In 1980, we watched the Winter Olympics on ABC's Wide World of Sports. There was no cycling. But Eric Heiden won an unprecedented five gold medals in speed skating. Instant hero. Speed skaters ride bikes in the summer for cross-training. After winning Olympic gold at age 21, Heiden hung up his skates and switched over to cycling – which he had been doing all along, just not racing professionally. I clearly remember the image of Eric Heiden on a bike with his massive, speed-skater build – even though I never saw him race. (That image was recalled when Bo Jackson, another famous multi-sport athlete, said “when’s that Tour de France thing?”) Whatever image I subconsciously had of a thin little European bike racer was suddenly transformed in a big, strong American-style superstar. Now, that was cool! However, cycling in America needed time to evolve and I needed to spend a few years in college.
Heiden’s friend, former speed skating coach and bike racer, Jim Ochowicz, had managed Eric and his sister in the Olympics and thus started a career in sports management. They raced on velodromes in the fall of 1980. “It was raining,” recalls Ochowicz, “and we were sheltering in the barn there. I said to Eric I had this idea to create a pro cycling team like they had in Europe, with a sponsor that was the name of the team, along with full-time managers, mechanics and soigneurs.” With Heiden’s fame, they were able to get sponsorship from 7-Eleven and Ochowicz was able to recruit some professional cyclists who had been competing in Europe.
By the time the 7-Eleven team was founded in 1981, amateur road racing was fully established in North America. But to race professionally, Americans like Boyer, Greg LeMond, Mike Neel, George Mount and John Eustice had to cross the Atlantic to earn places on European squads. By 1983, LeMond had captured his first world championship. His celebrity vaulted in 1986 when he became the first American to win the Tour de France. He quickly became America's first cycling superstar. In 1986, I was graduating college and cycling was fully entrenched in America.
My girlfriend at the time had a brand new Fuji and I bought a used Raleigh. We never actually rode together. But I did many local organized rides, typically 50 miles or less. I was training for the DALMAC ride from Lansing, Michigan to the Mackinac Bridge. On the third of three days, I did my very first century. Neither relationship lasted, however.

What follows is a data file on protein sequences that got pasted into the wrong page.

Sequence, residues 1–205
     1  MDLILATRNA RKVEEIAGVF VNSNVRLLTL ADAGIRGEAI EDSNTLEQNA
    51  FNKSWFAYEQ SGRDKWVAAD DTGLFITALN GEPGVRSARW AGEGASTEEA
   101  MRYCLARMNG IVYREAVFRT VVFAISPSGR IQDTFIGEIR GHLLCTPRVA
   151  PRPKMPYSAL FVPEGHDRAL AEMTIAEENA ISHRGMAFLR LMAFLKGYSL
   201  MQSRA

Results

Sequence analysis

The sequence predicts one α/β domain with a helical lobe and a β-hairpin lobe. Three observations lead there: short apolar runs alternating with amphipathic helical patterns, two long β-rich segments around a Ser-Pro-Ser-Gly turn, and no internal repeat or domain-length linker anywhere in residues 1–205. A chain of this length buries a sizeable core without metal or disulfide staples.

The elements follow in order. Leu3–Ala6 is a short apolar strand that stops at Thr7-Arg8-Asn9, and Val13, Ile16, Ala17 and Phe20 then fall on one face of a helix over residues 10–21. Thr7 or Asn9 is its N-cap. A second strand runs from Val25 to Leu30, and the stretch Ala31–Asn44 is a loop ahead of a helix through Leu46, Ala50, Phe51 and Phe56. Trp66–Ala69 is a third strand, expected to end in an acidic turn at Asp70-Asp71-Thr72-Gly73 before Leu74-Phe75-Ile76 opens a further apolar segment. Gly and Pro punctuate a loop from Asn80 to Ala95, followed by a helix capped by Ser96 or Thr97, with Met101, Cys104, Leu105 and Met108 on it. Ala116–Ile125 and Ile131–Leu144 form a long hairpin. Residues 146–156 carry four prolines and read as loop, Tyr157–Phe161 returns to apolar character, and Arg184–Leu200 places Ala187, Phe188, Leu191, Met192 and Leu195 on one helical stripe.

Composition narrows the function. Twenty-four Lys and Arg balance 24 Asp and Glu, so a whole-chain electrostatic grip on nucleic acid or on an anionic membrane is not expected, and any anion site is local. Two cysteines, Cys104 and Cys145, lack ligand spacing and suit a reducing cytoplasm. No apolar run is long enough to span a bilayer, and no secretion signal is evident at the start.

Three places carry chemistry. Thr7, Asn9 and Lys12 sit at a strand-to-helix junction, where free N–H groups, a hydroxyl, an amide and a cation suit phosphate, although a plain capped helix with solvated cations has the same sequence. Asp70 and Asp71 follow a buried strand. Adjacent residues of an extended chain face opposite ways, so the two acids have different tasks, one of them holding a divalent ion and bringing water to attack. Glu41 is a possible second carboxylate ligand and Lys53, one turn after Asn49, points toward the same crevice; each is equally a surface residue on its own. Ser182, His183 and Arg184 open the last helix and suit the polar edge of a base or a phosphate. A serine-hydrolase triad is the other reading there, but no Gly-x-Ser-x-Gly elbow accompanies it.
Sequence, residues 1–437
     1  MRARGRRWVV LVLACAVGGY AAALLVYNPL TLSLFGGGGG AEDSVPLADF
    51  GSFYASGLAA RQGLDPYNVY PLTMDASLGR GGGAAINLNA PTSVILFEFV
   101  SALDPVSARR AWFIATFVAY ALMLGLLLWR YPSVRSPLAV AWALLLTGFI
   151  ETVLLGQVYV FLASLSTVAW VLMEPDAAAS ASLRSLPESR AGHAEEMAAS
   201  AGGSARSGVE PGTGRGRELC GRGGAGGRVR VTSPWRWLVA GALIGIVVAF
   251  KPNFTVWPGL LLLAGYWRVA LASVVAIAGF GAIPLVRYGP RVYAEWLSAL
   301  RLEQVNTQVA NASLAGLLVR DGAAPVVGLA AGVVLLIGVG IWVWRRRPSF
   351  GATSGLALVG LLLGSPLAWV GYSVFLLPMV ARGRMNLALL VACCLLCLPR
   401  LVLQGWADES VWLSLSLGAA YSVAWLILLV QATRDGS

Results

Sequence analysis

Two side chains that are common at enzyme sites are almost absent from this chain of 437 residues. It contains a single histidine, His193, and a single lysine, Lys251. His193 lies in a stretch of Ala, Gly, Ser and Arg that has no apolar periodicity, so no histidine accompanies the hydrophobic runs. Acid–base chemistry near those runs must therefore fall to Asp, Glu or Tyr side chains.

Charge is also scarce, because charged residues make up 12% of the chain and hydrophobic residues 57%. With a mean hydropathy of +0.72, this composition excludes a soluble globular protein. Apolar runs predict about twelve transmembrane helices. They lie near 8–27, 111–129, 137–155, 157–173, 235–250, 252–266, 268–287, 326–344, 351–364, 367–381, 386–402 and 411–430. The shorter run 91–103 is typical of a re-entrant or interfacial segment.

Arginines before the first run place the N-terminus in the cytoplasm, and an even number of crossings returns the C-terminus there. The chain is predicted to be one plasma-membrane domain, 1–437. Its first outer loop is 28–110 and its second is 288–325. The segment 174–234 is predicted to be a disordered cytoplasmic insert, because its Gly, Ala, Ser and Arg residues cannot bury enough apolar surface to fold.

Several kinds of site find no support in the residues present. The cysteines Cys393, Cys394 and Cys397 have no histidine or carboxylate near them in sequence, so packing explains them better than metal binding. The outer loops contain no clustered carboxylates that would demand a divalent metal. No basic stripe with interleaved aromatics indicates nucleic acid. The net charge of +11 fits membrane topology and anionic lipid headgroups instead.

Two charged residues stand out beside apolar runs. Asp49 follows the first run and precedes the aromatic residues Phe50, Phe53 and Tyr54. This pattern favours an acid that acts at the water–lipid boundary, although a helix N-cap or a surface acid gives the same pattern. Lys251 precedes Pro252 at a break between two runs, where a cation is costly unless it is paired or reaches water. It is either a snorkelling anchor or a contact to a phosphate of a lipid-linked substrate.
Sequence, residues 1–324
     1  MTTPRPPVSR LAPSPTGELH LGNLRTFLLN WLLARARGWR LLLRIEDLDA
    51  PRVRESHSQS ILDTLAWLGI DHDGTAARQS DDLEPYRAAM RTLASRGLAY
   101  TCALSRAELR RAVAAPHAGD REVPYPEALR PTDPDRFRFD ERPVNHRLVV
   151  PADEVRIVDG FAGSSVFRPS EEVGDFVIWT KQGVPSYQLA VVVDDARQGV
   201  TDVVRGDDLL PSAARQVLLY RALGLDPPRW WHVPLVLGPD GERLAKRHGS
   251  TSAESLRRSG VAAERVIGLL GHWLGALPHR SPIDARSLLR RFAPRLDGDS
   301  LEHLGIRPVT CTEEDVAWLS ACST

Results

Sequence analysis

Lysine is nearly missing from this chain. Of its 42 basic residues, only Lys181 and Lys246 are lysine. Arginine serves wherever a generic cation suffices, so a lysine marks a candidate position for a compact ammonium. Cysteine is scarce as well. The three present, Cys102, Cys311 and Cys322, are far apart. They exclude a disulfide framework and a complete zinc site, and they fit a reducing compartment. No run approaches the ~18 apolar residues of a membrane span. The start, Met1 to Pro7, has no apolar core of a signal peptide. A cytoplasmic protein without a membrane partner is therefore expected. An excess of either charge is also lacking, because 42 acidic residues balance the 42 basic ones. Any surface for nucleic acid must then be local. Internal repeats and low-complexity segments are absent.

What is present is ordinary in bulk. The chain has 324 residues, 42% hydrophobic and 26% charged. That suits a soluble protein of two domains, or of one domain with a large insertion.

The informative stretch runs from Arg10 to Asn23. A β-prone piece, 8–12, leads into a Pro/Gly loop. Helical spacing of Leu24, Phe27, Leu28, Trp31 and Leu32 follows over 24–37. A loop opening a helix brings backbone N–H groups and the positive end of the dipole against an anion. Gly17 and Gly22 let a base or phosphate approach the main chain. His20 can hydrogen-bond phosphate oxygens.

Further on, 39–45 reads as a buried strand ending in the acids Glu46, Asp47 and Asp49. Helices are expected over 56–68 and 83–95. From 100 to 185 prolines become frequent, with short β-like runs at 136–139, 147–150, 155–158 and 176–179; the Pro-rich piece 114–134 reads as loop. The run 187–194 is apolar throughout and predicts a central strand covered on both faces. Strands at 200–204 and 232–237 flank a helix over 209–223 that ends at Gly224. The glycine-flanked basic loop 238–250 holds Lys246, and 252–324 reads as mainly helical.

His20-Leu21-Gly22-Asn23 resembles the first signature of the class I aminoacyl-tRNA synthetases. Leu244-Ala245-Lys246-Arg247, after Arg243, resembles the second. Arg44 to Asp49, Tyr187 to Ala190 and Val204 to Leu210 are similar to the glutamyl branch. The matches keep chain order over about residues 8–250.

A few years later, now in California, I renewed my interest in cycling to help my future wife as she trained for a marathon. We got married; I stopped cycling …until she started cycling. Mostly out of couch-potato-guilt, I started cycling again. And this time I caught the addiction.
In some future post, I'll explain how I got from there to sitting on a train talking to George Mount about him training for professional racing in Europe.
So in case you missed it, why cycling?
- Because the safe-but-slightly-wild Schwinn Sting-Ray had been born when I was born. And that meant its popularity bread a slew of clones and enough used ones so that poor little country boys like me could have a bike to fit their safe-but-slightly-wild sixties childhood.
- Because of Wide World of Sports broadcasting the Tour de France in 1975 and "Breaking Away" hitting theaters in 1979. I didn’t relate to the main character, the Midwestern bike racer trying to fit in with the Italians. I related to the “cutters” wearing Converse All-Stars and wearing welding gloves and T-shirts. No lycra for me back then.
- And because a hulking, world-beating, Olympic speed-skater switched sports and his fame lifted professional cycling to the American consciousness. Enough so, that another Wisconsin speed-skater could launch the very first American professional cycling team to compete against the Europeans (on Wide World of Sports) – and win.
- Eric Heiden. Not so much Greg LeMond, but certainly he was important. Let’s not talk about Lance.
- And because I needed some heart-healthy hobby to make sure I could grow old with my wife. For love.